Regular visitors to this blog will know that landscape in all its forms is my main preoccupation. Those who know me better will also know of my interest in identity – national, regional and otherwise. So it was with great anticipation that I arranged to go to the British Library last Friday, the first day of their new exhibition combining both these interests with the written word – Writing Britain from Wastelands to Wonderlands. Place personified in literature is the theme for this British Library exhibition, timed for the Jubilympics and indeed part of the London 2012 Festival/Cultural Olympiad and presumably aimed at tourists from home and abroad. Not that I am objecting – far from it, as I rather like the idea of adopting this as my contribution to the Olympics.
Altough purporting to be about places it is mainly actually about generic types of place rather than specifics (apart from London and the Thames). It is the idea of place rather than giving an idea of a place. Landscape and place come across as interchangeable, undefined so rural, industrial, wild, watery. This is not necessarily a bad thing as it makes for a more universal exhibition – a suggestion of places.
It is a fluid winding journey, not exactly chronological but kind of historical combined with linear – rural/pastoral then industrial/urban, followed by escape out into the wild/wilderness of the Picturesque and later the moors, back through the suburbs/edgelands to London (Cockney) and finally downriver(s) to the sea/seaside.
This imaginative indeterminacy leaves room for individual interpretation, via some suggestions, rather than saying this novel/poem etc is what represents this idea or place. this is what literature should do – be a door to the world, or in this case Britain.
What are we as visitors looking for? – inspiration for ourselves; understanding what or where made a writer write; satisfying curiosity; association – looking for places we know and love, wanting to make a place more meaningful to us. I guess it may be any of these.
Of course as an exhibition in the British Library it is focused on books and manuscripts (and sound recordings, an important and often disregarded part of the British Library’s collections) as archival objects. The emphasis is very much on the object, including illustrations and book covers, as well as maps, photographs, even a board game, rather than on any analysis of the content. This does have the result of sending one to the books to read them which is certainly a good thing. It does includes some wonderful items. Everyone will have their own favourites.
So into the gloom of the black box basement of the exhibition gallery and am hit with some writers talking before even getting into the exhibition! Simon Armitage (who crops up several more times in sound and writing) “Landscape characterises British prose and poetry”
“Landscape is a character” according to Robert Macfarlane, and other sound bites by several of the newer generation of writers on place. Slightly distracted I go on in and am immediately transported back to my teenage and later hippy years in Rural Dreams. I lose myself in celtic myth, knights, green men and women, Arthur Rackham illustrations, Alan Garner and archaeology.
For the next three hours or so I am transported from one part of my life to another, memories flooding in, places lived and visited, places only visited through books, places and books meaningful to my parents, some of which I now have such as Mary Webb and Elizabeth Gaskell, books I had (Remains of Elmet, sold in a moment of madness) and books I still have. Reaching the edgelands I am a bit disappointed as I was looking forward to this. It does not seem to hold together or develop enough but perhaps the sense of disjointedness is appropriate. I run out of energy nearing London, and plan a return visit but can’t resist visiting the Thames, where there is a seat opposite the wonderful long expanse of book art by Liz Mathews incorporating text from Virginia Woolf’s The Waves, inscribed using a piece of driftwood from the Thames as a pen. I wish I had thought of doing that!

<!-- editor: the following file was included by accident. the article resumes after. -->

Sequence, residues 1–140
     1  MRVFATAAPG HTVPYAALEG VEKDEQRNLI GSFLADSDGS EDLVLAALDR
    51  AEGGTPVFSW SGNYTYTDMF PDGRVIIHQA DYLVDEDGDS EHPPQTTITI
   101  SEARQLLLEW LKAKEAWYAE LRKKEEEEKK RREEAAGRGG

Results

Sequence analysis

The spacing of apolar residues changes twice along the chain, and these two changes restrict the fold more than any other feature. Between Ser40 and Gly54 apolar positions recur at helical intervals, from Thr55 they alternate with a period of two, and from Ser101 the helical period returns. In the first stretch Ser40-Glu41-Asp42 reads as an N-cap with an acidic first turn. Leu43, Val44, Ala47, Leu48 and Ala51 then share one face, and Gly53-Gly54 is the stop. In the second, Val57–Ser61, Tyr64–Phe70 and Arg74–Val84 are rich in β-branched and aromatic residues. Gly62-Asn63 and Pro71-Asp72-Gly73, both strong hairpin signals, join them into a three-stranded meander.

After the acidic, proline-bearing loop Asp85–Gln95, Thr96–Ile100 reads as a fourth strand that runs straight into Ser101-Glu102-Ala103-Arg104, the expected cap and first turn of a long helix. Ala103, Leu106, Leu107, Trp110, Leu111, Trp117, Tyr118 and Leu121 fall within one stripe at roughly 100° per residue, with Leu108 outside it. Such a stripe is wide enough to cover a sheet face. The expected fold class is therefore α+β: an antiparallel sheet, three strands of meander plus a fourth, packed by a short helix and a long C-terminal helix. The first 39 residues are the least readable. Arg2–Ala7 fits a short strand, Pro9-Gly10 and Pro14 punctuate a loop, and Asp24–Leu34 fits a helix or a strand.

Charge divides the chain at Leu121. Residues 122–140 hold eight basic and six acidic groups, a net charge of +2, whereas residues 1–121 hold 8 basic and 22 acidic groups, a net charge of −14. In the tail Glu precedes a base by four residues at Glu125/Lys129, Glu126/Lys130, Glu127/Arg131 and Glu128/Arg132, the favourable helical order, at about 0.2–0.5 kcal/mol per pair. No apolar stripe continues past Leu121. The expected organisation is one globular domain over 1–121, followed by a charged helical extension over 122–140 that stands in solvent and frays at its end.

It seems like more than 150 items and my head is spinning with ideas, thoughts, emotions. I am lucky to be able to return, which I certainly shall. My one concern is that there is no list of all the items. The accompanying book contains some of the items and follows the same general themes as the exhibition but it is not a catalogue. For such an institution this seems a bit of an academic faux pas. I have had to resort to pen and paper.
Patrick Keiller‘s current exhibition at Tate Britain, The Robinson Institute, for the 2012 Duveen Hall commission, based on his psychogeographic film, Robinson in Ruins, makes an interesting comparison.
A series of journeys through the landscape by his imaginary character Robinson, told here through paintings, film clips, books, documents, maps, objects from the Tate and other collections combined with Keiller’s photographs and commentary, it gives both a more intensive and more layered portrayal of place than is possible in the British Library survey. It is a palimpsest demonstrated through visual works as well as written works. Based in real places and in the form of journeys through a small part of Southern England it is purposeful but is also directed by chance encounters. It is also wide ranging through time and thought, political, economic, social, historical and contemporary. In its multi-disciplinary and at first glance seemingly random divergences or tenuously linked changes of subject matter it is very much of our time, akin to trawling around the internet.
Related articles etc
- Contemporary Art: Missing in action (newstatesman.com)
- Links between our landscape and literature (bbc.co.uk)
- Writing Britain (guardian.co.uk)
- Review: Writing Britain – Wastelands to Wonderlands (newstatesman.com)